For those who work out regularly, constant travelling can throw a wrench into their routine.
But just because it’s hard to stay fit on the road doesn’t mean travellers don’t want to try.
When Jason Moskal, vice president of lifestyle brands for hotel chain EVEN Hotels, spoke to guests, he began to realise a need that the hospitality industry hadn’t completely met.
“One thing we heard from travellers was, I have a real tough time staying focused in terms of my well-being — whether it be fitness or rest or productivity — when I’m on the road,” Moskal said.
“It became clear that there was a need and an opportunity to develop a hotel that could deliver in helping them stay on the wagon and stay focused on their wellness and fitness regimens when they’re on the road.”
These conversations sparked the launch of EVEN, a wellness-focused hotel chain owned by the InterContinental Hotels Group in the summer of last year.
But Moskal says that these types of fitness and wellness hotels are more than just the latest trend to hit the industry: They’re becoming a necessity for hotels to stay relevant and competitive in the current market.
“I’m viewing it really being a paradigm shift in the mentality of people and how important it is to stay well,” Moskal said. “I think more and more people are moving towards this idea of it’s not just in my everyday life at home, but it’s also when I’m on the road.”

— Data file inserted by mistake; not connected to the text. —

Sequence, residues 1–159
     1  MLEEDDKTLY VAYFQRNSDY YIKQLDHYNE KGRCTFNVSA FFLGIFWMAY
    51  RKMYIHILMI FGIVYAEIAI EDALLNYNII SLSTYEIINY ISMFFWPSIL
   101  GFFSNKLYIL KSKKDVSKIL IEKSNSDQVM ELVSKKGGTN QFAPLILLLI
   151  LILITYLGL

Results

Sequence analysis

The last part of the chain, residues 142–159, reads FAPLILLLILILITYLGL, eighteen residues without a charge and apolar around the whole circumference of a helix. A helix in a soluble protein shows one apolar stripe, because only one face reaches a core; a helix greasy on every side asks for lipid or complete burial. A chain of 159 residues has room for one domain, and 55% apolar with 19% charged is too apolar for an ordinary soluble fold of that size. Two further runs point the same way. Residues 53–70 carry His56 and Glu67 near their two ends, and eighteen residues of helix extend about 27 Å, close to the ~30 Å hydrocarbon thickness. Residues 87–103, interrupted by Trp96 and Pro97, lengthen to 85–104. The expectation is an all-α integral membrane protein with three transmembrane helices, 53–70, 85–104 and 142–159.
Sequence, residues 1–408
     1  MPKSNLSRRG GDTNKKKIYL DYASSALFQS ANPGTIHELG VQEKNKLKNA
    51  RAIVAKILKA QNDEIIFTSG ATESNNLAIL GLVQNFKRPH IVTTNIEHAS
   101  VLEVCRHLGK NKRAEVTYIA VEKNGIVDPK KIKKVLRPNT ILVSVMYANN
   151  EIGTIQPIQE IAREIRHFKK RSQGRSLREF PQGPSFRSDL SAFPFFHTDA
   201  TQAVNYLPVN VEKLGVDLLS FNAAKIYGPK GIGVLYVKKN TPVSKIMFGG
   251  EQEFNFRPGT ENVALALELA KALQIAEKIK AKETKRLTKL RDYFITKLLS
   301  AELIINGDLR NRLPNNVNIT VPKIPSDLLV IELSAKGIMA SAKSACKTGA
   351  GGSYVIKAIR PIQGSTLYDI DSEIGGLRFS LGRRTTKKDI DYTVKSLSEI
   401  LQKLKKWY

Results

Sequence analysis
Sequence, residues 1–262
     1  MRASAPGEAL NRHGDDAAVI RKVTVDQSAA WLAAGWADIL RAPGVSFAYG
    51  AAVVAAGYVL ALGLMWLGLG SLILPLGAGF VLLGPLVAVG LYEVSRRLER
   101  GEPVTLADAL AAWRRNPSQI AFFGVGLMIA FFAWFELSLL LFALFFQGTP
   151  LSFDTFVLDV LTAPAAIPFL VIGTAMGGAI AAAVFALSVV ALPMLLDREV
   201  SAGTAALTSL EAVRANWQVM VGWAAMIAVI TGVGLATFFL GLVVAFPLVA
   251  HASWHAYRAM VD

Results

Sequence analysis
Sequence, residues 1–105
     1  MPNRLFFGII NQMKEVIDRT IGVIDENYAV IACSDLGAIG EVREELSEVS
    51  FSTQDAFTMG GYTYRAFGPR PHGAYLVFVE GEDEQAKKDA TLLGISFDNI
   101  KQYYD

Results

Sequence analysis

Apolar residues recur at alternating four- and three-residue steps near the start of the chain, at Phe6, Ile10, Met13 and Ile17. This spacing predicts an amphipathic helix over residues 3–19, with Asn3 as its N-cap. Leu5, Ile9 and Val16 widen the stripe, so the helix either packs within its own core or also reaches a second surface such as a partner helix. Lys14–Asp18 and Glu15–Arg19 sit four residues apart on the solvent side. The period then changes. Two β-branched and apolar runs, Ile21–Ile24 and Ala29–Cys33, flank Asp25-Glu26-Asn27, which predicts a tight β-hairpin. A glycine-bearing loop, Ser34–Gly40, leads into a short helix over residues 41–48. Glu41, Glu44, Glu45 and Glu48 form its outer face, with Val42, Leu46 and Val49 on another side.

EVEN isn’t the only hotel chain to notice this need though.
Multiple hotel chains have started to accommodate fitness-oriented travellers: TRYP by Wyndham (part of Wyndham Worldwide Corp.) has provided guests with fitness rooms since 2010. And the Westin brand (owned by Starwood Hotels & Resorts Worldwide Inc.) launched runWESTIN — a program that provides guests with three and five mile run routes and group runs led by a run concierge — in 2007, partnered with New Balance for a workout gear lending program in 2010, and has since launched other fitness programs.
And now new players are entering the hospitality industry: upscale fitness companies Equinox and Soul Cycle.
According to Travel and Leisure, Soul Cycle is opening a 2,600-square-foot facility in the brand new 1 Hotel South Beach in Miami Beach. The facility will include a 54-bike studio, locker rooms, and an apparel boutique.
Equinox is going a step further. The company plans to launch a luxury hotel brand, where each hotel will have its own Equinox club. The Wall Street Journal reported that the company expects to open its flagship hotel in 2018 in New York City at Hudson Yards. Future locations will include Los Angeles, London, and Miami.
But these hotels won’t simply be about providing gym access to guests. Instead, they’re planning to offer full wellness experiences.
The Equinox hotels will be designed by Yabu Pushelberg and will provide guests with everything from personalised one-on-one in-room training to a restaurant serving nutritionist-approved options, juice bars, and even apparel.